So, it doesn’t matter what context you are leading in. As long as you are accepting of your current reality and are deploying Reflection, Resilience and Resourcefulness in a crisis situation, you will always thrive in it. Surely, you may not be able to solve your problems overnight or, as is true in our case, you may not be able to solve them even over a prolonged span of time. Yet, you will be happy, you will be anchored and you will be in the game – no matter what you are going through.
And as long as you are in the game, and, as in cricket until the last ball is bowled, anything – actually everything – is possible!
Note: AVIS and Vaani are the happynesswalas. They believe their Life’s Purpose is Inspiring ‘Happyness’! They are going through a fascinating, Life-changing experience – a crippling bankruptcy!! If you would like to invite them to inspire your team(s) or explore other opportunities, please look up: www.avisviswanathan.in and www.avinitiatives.co.in.
Non-worrying delivers happiness!
“Is there a method or technique with which you can stop worries from arising in your mind,” asked a gentleman over a message to me on my App (“AVIS Viswanathan” – available for free download on Google Play and the App Store).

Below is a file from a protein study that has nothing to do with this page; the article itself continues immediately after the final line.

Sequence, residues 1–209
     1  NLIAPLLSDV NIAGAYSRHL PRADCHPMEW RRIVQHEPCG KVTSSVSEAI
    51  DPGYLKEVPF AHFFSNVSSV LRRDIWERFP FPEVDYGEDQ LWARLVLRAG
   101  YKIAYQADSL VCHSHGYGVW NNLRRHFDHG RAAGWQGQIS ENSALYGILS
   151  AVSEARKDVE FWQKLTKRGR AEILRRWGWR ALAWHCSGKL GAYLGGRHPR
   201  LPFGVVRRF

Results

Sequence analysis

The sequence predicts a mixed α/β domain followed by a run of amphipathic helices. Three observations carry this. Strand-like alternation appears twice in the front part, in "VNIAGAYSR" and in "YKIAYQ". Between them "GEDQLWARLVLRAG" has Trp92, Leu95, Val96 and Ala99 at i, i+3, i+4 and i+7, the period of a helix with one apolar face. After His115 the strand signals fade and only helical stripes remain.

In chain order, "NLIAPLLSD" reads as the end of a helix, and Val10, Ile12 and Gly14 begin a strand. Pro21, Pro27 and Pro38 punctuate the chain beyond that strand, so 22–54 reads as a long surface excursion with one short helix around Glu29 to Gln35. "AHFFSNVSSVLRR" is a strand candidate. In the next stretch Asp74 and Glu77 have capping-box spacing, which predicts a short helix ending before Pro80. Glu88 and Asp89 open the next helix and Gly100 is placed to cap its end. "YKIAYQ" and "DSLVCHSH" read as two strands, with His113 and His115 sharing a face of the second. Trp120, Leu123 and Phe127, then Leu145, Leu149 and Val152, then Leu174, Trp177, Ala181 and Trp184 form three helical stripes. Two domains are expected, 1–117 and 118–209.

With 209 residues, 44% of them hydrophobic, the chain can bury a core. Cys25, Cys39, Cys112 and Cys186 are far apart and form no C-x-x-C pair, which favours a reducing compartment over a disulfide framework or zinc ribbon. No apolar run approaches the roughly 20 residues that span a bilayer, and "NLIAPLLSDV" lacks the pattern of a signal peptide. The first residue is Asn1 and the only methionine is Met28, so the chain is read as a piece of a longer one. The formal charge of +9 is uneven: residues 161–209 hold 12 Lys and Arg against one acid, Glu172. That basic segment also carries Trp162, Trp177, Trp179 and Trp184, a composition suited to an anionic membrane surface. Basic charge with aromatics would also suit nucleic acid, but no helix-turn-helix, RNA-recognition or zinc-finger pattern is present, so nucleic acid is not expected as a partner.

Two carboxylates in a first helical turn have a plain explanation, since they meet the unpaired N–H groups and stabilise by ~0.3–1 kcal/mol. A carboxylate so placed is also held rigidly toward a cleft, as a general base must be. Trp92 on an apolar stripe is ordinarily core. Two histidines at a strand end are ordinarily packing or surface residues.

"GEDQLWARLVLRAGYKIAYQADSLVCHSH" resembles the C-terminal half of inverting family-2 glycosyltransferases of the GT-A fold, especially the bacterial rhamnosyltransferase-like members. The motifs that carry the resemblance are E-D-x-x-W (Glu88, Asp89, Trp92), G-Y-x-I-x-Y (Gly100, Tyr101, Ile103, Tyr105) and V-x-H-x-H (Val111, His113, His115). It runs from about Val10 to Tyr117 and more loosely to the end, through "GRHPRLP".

The simple answer is that you can’t stop worries from arising in your mind. You can only choose to be non-worrying.
Let me explain further what I have learnt about being non-worrying.
Non-worrying means that when a worry arises in your mind, you simply let it pass. Anything that you don’t attend to will not bother you.
Consider this: in some months of the year the population of flies in India usually multiplies – particularly in humid conditions in Chennai. Even the cleanest five-star properties in Chennai will not be spared by the flies in such times. So, if you walked into a swank coffee shop and found a couple of flies on the tables there, you will not make a hue and cry. You will simply ignore their presence thinking to yourself, “well, this is India, this is Chennai, this is common occurrence” and move on. Non-worrying means treating the worry that arises as you would treat a housefly in India. Accept that it exists, accept that you can’t do anything about it and move on.
A worry controls you only when you feed it with your attention. It controls you only when you allow it to control you. Just ignore it. Let it be. And you be too. When you make a worry powerless, it will simply recede – the same way it arose in the first place.
Of course, the human mind, like the human body, must be trained to practise non-worrying. And that requires 24 x 7, consistent, practice! When you master the art of non-worrying, you can only be happy!
Never allow yourself to think that you are worthless just because you have been rejected.